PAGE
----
Food Fortification To Tackle Hidden Hunger In Zimbabwe
Published on 12 July 2012

Food fortification reaches a broad range of people and has proven to be a cost effective solution to improve public health in many countries. (Photo: WFP/Victoria Cavanagh) 

WFP and partners are working with the Ministry of Health and Child Welfare to promote food fortification and to identify solutions that will reduce micronutrient deficiencies in the next generation.

In Zimbabwe, 1 in 10 children receives the minimum acceptable diet. Micronutrient deficiency is widespread, and stunting rates have been increasing over the past decade. The best way of preventing micronutrient deficiencies is to have a balanced diet, however this is almost impossible for over half the population who live below the poverty line.


In June, WFP coordinated a food fortification workshop, attended by the Ministry of Health and Child Welfare, UNICEF, USAID, FAO and private sector partners, to provide an update on fortification initiatives, share regional and global evidence on fortification, and to seek consensus on establishing initiatives in the country. 

Fortification increases the nutrient density in foods. In Zimbabwe, under nutrition is highly prevalent; infants, young children aged 6-24 months and pregnant and breast-feeding women are the most affected. While significant progress has been made in reducing the prevalence of iodine and vitamin A deficiencies, there has been limited success in reducing the burden of the iron deficiency, anemia, and other micronutrient deficiencies.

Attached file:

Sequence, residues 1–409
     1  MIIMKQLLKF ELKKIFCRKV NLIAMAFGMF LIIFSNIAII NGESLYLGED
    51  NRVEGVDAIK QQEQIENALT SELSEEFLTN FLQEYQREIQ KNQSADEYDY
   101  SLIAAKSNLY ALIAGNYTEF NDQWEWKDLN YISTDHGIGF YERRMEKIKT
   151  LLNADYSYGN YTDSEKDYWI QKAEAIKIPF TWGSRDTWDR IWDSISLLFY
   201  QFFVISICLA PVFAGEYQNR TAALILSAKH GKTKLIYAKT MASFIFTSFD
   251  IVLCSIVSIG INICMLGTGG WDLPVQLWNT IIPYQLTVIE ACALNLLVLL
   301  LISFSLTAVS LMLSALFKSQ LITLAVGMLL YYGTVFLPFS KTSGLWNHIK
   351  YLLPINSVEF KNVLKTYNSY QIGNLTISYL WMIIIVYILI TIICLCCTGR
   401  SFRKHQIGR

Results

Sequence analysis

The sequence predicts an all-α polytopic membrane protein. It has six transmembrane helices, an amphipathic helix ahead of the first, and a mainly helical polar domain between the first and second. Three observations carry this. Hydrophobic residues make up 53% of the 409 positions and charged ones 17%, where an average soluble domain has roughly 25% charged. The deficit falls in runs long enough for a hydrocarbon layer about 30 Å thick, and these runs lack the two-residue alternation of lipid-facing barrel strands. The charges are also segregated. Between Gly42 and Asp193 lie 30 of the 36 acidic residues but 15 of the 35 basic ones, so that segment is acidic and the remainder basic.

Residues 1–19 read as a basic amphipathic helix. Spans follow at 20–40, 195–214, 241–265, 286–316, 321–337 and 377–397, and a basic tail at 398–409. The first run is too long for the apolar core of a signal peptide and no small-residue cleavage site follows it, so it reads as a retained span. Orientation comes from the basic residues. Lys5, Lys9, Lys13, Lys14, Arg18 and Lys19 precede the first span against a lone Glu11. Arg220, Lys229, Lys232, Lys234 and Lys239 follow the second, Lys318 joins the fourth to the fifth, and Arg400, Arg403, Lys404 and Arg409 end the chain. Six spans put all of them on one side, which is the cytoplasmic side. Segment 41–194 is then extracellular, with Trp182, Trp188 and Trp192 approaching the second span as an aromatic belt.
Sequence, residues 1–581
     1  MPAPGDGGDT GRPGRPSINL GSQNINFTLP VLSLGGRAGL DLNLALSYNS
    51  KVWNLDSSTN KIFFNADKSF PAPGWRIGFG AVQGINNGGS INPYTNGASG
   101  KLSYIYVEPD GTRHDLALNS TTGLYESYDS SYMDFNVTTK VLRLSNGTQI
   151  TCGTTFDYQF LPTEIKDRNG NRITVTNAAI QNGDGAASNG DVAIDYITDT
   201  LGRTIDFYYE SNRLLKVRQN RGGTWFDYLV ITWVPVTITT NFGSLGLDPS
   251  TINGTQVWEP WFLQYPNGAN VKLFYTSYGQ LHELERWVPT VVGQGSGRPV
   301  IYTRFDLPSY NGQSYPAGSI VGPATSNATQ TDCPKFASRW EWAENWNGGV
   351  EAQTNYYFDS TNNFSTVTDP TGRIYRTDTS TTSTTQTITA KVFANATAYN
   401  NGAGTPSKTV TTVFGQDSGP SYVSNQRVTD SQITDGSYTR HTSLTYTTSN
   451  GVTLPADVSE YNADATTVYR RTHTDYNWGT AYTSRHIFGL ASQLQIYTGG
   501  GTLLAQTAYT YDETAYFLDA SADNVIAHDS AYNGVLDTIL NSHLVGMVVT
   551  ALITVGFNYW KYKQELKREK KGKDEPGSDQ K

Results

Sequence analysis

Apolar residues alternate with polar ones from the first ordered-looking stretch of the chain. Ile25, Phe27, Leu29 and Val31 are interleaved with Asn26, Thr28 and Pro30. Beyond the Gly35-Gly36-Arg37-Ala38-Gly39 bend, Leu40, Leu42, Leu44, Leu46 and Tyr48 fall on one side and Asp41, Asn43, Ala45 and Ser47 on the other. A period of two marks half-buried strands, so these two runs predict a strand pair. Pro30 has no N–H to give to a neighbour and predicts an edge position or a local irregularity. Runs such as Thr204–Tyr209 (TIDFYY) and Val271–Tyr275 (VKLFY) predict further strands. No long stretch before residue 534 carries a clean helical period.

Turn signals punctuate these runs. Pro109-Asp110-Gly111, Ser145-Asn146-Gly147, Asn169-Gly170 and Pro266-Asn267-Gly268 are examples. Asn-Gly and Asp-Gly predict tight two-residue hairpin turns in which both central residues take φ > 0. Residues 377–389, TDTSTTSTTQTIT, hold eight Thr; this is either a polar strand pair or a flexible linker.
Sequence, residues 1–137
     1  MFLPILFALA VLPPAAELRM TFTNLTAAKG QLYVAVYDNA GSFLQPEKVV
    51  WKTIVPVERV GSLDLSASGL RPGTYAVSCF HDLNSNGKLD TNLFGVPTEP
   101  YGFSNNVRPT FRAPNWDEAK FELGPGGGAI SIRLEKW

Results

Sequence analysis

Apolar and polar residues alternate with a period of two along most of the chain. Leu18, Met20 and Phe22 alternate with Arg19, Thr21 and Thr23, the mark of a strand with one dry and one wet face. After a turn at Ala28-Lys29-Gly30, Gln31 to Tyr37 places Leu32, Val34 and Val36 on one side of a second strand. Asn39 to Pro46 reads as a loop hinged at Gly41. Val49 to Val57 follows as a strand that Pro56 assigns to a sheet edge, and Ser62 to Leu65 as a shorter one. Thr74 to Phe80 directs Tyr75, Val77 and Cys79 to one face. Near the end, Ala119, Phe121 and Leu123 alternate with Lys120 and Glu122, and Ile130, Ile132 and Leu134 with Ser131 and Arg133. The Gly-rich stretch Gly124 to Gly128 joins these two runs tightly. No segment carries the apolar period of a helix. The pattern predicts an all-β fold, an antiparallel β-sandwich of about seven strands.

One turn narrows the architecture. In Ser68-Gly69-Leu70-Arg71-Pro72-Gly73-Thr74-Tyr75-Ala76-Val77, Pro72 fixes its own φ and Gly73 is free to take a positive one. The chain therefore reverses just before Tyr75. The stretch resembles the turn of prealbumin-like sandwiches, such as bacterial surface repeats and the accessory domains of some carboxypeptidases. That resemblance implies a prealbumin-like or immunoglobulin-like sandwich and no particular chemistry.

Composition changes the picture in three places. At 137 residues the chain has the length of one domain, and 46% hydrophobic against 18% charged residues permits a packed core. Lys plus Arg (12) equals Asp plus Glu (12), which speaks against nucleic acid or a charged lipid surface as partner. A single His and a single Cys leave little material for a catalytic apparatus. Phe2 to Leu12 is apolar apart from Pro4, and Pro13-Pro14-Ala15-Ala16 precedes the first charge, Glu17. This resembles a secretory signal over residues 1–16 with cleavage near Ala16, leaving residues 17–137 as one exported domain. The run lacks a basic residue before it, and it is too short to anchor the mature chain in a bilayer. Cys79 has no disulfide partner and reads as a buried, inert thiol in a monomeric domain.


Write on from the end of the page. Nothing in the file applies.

“Fifty-six per cent of children aged between 6 months to 5 years are anemic, which is extremely high,” says Ancikaria Chigumira, Deputy Director of Nutrition Services from the Ministry of Health and Child Welfare. “Thirty-two per cent of pregnant women also suffer from anemia.”

“We are exploring fortification options, and are planning to firstly conduct a food consumption and micronutrient survey, then develop an inventory of milling companies, and lastly develop national food fortification legislation,” she explains.

WFP’s Programme Officer, Liljana Jovceva, says the time is right to carry forward the nutrition agenda in Zimbabwe. She explained the importance of pulling malnutrition out of the health sector alone and placing it in a larger arena. 

“The 2010 national nutrition survey identified the need for nutrition to be seen as a key development priority, not just a health priority,” Jovceva says. “This requires a multi-sector approach, involving the Ministry of Agriculture and Ministry of Education, among others.”

Zimbabwe is one of the 27 countries taking part in the global Scale Up Nutrition (SUN) initiative. SUN promotes specific country–led nutrition interventions and nutrition sensitive strategies, and ensures an emphasis on women’s empowerment. As part of this initiative, WFP, together with other UN agencies, has funded the formulation of the National Food and Nutrition Policy which emphasizes evidence-based interventions, for example food fortification. 


WFP’s regional bureau in Johannesburg has been working closely with the Global Alliance for Improved Nutrition (GAIN), who has a decade of experience with large-scale food fortification, multi-nutrient supplements and nutritious foods. Sharing their vast knowledge in the fortification arena, GAIN is collaborating with WFP on product development, helping to ensure access to nutritious products at country level, supporting the development of policies and practical guidance materials, and developing capacity of national and regional governments and partners to implement cost effective nutritional programmes.

WFP Offices